Opinions

Go to Sleep!

Julia Maher ’23
Opinions Editor

We all know how inadequate sleep can impact nearly every aspect of our lives. We may feel lethargic and irritable, which also affects our sense of motivation. Sometimes we may not even be aware of how little sleep we get or how it impacts us on a greater scale. This lack of awareness is almost inevitable in college, since we are juggling academics, activities, employment, relationships, and self-care simultaneously. With college students averaging only 6 to 6.9 hours of sleep per night, however, it is crucial that we make sleep—a fundamental need—our top priority. Although it is difficult, here are some tips to maximize sleep and its quality.

Work on assignments as soon as possible, preferably right when they are assigned. Poor time management is one of the main contributors to sleep deprivation, so it is very important to stay organized and responsible. Even if assignments cannot be finished very quickly, at least start working on them. Doing something is much better than doing nothing at all.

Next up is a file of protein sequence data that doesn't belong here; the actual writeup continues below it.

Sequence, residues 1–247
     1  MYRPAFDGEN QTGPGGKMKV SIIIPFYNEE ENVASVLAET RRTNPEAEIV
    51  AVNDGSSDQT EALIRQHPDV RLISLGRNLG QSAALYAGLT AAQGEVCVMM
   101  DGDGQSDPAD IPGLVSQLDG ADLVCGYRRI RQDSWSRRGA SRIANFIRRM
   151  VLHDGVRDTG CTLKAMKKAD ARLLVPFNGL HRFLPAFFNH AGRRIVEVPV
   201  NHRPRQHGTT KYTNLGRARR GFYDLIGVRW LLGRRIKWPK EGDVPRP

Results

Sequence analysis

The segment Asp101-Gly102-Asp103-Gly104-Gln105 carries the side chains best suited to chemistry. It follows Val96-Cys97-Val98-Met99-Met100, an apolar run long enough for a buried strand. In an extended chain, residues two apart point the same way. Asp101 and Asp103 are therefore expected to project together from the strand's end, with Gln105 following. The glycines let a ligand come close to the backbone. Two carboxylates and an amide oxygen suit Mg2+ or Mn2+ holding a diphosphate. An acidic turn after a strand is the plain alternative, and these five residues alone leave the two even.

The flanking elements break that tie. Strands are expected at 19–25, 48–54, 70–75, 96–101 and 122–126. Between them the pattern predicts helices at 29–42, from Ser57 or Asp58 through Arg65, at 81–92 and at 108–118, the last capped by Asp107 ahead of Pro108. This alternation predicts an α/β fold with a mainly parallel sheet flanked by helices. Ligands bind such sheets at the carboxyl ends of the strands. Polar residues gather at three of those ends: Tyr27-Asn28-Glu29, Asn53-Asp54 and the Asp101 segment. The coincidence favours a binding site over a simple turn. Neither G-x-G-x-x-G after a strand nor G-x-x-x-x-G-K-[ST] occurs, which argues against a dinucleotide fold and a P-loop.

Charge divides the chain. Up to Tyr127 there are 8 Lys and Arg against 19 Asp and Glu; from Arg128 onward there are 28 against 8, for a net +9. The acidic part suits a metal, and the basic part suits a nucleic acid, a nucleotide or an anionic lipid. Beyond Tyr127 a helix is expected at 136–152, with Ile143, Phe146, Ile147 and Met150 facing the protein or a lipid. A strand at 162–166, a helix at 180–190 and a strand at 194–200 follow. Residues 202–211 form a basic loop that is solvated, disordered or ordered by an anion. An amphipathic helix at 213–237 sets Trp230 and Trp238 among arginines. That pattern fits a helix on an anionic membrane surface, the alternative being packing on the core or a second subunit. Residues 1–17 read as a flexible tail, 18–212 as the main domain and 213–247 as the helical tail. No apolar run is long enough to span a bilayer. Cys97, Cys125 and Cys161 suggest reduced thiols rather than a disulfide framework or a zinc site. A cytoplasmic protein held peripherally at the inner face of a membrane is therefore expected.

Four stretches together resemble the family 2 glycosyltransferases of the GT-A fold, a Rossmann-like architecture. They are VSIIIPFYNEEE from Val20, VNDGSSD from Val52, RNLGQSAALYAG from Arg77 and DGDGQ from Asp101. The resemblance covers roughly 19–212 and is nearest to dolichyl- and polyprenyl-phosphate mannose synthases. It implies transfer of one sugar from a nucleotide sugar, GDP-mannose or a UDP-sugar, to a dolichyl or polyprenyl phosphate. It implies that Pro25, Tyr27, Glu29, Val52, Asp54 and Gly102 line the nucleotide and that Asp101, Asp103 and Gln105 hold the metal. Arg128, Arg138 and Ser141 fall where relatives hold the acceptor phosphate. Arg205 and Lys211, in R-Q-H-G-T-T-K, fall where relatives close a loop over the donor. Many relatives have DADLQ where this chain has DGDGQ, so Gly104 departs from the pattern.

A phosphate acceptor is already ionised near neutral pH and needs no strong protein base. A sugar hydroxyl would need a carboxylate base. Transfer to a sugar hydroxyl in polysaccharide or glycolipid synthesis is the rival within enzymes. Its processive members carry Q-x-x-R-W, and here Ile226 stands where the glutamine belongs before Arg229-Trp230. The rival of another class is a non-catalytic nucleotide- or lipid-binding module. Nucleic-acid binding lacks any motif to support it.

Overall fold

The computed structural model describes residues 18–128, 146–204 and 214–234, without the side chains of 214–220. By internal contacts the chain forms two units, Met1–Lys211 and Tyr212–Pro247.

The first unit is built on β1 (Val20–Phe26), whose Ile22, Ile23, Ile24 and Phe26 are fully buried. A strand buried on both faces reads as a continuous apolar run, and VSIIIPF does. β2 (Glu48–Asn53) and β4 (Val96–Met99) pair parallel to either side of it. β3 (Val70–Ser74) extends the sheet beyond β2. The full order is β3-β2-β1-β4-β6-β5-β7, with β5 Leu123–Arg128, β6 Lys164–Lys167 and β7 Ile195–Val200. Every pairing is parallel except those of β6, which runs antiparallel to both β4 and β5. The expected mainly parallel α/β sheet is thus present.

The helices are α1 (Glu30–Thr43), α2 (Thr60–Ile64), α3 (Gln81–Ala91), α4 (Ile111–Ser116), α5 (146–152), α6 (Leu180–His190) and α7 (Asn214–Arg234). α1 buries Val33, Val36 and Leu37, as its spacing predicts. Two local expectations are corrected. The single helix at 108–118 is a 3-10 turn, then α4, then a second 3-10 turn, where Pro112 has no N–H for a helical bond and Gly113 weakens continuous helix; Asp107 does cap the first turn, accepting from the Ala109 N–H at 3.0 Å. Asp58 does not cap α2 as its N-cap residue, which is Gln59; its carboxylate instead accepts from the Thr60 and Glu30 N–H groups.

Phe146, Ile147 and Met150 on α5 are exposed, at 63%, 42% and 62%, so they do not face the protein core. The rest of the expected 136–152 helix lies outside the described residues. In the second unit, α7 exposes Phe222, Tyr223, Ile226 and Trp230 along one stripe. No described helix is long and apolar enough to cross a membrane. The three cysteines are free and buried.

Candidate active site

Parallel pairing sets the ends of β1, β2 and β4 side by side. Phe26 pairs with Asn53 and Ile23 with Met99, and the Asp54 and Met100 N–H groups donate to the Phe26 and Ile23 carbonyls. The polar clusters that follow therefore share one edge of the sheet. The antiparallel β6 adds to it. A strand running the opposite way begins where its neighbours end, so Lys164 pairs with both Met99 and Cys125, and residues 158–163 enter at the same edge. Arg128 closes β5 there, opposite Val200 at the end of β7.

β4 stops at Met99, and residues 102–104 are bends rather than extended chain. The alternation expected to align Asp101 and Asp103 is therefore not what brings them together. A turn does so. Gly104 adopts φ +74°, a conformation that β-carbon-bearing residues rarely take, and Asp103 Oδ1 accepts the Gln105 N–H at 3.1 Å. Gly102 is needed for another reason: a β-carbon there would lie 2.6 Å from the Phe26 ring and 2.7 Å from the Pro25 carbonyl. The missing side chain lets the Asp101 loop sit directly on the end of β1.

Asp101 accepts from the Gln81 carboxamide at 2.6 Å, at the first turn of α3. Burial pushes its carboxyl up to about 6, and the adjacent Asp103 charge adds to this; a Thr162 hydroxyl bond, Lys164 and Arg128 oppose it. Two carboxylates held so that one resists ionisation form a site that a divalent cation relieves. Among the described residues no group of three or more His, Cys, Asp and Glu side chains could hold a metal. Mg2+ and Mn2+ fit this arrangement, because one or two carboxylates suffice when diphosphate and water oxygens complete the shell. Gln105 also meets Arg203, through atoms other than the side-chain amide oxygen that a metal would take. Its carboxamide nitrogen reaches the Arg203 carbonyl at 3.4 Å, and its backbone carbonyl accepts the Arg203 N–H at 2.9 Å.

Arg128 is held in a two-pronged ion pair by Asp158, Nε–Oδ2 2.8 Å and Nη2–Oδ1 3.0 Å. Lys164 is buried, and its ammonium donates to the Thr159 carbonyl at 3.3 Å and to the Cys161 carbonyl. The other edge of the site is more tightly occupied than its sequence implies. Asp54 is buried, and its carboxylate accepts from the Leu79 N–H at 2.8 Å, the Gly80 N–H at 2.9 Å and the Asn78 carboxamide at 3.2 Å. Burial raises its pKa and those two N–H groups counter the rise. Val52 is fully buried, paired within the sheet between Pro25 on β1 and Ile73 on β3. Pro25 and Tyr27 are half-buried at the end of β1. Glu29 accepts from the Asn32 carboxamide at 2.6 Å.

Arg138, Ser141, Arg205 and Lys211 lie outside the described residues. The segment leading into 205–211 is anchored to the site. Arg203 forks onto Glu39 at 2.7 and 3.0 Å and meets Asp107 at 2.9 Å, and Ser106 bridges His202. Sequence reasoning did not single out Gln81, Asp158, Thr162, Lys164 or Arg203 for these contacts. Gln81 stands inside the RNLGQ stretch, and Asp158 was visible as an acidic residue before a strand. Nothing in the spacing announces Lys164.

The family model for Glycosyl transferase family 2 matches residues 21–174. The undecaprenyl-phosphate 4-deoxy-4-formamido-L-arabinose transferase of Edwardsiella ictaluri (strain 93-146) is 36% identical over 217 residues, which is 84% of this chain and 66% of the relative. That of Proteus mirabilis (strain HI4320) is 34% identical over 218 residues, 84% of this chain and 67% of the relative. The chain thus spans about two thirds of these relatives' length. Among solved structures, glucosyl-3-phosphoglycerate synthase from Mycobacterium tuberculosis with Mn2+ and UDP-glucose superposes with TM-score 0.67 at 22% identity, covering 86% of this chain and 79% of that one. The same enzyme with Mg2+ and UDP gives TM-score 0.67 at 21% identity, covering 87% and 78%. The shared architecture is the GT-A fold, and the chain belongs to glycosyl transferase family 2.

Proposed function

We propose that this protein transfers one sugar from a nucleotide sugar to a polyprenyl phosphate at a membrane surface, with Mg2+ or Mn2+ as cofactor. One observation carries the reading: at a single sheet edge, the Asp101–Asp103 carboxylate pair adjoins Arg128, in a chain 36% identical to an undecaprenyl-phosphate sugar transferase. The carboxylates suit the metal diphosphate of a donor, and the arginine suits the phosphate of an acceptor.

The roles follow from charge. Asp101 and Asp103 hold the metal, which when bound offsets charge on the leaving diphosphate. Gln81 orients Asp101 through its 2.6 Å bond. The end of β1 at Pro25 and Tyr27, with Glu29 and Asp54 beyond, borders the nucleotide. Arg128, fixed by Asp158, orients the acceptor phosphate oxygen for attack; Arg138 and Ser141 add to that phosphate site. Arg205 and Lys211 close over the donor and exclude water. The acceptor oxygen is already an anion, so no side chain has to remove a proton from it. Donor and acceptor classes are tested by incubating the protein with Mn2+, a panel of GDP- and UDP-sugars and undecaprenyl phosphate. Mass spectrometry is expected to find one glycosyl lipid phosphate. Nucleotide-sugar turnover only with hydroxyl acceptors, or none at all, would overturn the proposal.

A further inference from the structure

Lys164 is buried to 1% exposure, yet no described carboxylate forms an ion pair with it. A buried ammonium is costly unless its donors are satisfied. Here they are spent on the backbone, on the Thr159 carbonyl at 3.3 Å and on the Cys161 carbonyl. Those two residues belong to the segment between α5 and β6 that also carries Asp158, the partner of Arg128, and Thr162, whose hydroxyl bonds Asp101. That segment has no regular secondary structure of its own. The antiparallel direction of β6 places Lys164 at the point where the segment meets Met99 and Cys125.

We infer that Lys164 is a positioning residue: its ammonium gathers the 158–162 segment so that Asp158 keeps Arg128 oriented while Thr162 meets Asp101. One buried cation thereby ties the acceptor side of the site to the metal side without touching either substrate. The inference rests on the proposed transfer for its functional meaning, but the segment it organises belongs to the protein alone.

Develop a nighttime routine that can be repeated every night before falling asleep. Whether it is reading a book, listening to soft music, meditating, or praying, having a few rituals that are done exclusively before bed can help you fall asleep more quickly and increase the quality of your sleep. Make sure you feel relaxed and at ease before you try to sleep.

Avoid using technology with a blue light right before you go to bed, and try to maintain a sleep schedule. Blue lights can make your body think that it is daytime instead of night time, which leads to difficulty falling asleep and a poor quality of sleep. If you fall asleep and wake up around the same times every day, your body will feel more grounded and balanced than if you have an erratic sleep schedule. Feeling more grounded mentally tends to translate into feeling more motivated. If we, as Holy Cross students, truly want to experience a Jesuit education, we must embrace the concept of cura personalis in our lives and care for ourselves holistically. This holistic self-care includes getting enough sleep and treating ourselves with respect at the most basic level. If we cannot respect one of our most essential needs, then how do we expect ourselves to respect the basic needs of other people?

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